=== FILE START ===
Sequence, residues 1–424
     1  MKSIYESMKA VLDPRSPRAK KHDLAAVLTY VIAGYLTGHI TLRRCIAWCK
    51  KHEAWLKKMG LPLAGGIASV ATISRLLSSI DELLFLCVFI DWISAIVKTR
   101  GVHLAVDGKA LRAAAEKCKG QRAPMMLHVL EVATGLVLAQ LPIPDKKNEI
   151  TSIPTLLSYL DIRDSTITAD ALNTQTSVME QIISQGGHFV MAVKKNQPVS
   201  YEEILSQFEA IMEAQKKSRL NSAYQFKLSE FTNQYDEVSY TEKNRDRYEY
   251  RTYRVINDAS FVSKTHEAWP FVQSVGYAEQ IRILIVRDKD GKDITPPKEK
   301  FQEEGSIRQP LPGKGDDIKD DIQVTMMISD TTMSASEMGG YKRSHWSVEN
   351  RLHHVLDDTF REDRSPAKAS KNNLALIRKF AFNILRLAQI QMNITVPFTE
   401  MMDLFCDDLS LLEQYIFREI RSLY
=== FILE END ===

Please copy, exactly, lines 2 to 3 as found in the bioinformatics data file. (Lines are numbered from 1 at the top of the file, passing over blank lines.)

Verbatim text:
     1  MKSIYESMKA VLDPRSPRAK KHDLAAVLTY VIAGYLTGHI TLRRCIAWCK
    51  KHEAWLKKMG LPLAGGIASV ATISRLLSSI DELLFLCVFI DWISAIVKTR